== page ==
Adobe announces the first cameras to support direct RAW uploads

Photographers could send photos directly an agency as soon as they're taken.


Eighteen months ago, Adobe announced the "Camera to Cloud" (C2C) feature for its cloud collaboration platform that would allow users to upload videos and photo directly from cameras. Now, it's unveiled the first cameras to support the feature, the RED V-Raptor cinema camera for RAW video, and Fujifilm's new X-H2S mirrorless camera for RAW photos. is a cloud service that can handle large files, giving subscribers instant access to photos and video on TVs, mobile devices and PCs. The C2C service allows users to transfer those files directly from a camera, rather than having to wait until the material is physically transferred to a computer.

Until now, you needed third-party hardware to upload content from supported cameras. Now, the C2C integration is built directly into the cameras, with "no additional hardware and no hard drives required," Adobe said.

With the RED V-Raptor and V-Raptor XL, users can directly upload 8K RAW files to the cloud from the camera (this requires access to high-bandwidth WiFi or ethernet networks, of course). With the system in place, "[Video] files can be automatically delivered right to production offices... for immediate editing," Adobe wrote in its blog.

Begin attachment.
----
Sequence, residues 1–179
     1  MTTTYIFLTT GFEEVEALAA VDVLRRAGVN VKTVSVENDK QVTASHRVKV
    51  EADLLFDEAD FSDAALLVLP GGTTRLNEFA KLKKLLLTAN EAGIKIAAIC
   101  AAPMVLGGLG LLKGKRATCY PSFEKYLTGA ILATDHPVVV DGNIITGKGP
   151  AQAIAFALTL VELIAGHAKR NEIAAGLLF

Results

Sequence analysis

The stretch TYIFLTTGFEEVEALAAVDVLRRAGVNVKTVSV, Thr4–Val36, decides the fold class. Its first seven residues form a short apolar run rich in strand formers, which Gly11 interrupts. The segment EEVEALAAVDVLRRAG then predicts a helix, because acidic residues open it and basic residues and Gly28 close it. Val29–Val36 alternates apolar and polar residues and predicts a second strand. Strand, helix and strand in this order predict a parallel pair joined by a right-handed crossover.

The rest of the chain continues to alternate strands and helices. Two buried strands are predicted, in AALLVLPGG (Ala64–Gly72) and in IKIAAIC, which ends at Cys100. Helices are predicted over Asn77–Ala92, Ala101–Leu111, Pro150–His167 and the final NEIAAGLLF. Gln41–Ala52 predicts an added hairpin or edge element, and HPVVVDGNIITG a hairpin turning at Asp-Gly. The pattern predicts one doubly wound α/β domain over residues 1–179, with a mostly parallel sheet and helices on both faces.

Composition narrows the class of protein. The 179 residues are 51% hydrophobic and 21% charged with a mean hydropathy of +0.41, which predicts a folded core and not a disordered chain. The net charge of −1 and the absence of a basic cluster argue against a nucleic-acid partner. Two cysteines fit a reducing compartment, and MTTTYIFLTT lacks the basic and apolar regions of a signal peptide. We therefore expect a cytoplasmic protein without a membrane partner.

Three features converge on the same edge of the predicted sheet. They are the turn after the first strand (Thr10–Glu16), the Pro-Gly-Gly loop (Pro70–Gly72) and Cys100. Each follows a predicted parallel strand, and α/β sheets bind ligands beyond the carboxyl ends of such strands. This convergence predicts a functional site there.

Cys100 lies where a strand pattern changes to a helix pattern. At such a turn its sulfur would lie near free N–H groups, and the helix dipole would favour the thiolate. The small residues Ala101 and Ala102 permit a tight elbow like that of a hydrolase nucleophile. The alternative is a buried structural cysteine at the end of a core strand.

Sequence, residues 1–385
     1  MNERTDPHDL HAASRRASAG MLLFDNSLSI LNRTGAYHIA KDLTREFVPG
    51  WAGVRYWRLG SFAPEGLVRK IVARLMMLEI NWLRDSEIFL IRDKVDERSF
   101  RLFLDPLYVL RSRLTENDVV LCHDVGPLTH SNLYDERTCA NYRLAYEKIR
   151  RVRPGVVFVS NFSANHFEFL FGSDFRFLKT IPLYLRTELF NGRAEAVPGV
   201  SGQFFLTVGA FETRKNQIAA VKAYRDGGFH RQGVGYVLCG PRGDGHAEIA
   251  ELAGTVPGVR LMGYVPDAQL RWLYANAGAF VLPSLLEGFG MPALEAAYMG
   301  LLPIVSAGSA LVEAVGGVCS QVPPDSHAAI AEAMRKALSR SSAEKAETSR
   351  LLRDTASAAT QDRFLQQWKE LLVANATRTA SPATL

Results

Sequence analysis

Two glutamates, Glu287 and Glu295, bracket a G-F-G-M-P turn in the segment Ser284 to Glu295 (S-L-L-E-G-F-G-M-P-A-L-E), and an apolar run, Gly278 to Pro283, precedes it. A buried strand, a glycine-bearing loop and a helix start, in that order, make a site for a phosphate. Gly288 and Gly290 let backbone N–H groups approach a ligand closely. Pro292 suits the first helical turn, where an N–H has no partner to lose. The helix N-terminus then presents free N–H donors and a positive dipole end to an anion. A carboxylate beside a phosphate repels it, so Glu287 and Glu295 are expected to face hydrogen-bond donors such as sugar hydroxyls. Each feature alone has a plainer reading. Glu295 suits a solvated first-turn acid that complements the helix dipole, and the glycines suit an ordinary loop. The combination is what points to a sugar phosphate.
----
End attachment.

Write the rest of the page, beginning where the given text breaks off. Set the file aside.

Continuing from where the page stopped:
In addition, RAW video audio files can be synced, color corrected and transcoded in the cloud, allowing for "proxy" workflows. Translated to English, that you could transfer small, easy-to-send video files around the world, then link those automatically to much higher-quality RAW video for the final output. Adobe demonstrates this (above), by automatically transmitting an 8K RAW file, proxy, audio and color correction "LUT" file, all at once.

On the photo side, C2C will soon work (nearly) directly with Fujifilm's $2,500 X-H2S camera, as well. You will need to buy Fujifilm's $1,000 FT-XH file transmitter that supports 802.11ac wireless and 600Mbps wired connections. With that connected, photographers will be able to send high-resolution RAW files straight from the camera, letting a photographer transmit breaking news photos directly to an agency, for instance.

The new system is aimed at professionals, but it could also let YouTubers send content directly to an editor for a quick turnaround. Adobe isn't the only company doing this, as Blackmagic Design's DaVince Resolve 18 includes a suite of collaboration tools that allow editors, colorists, VFX artists and audio engineers to work together in real time on the same project. The new features will arrive to RED's V-Raptor lineup by the end of 2022, and come to the Fujifilm X-H2S in spring 2023.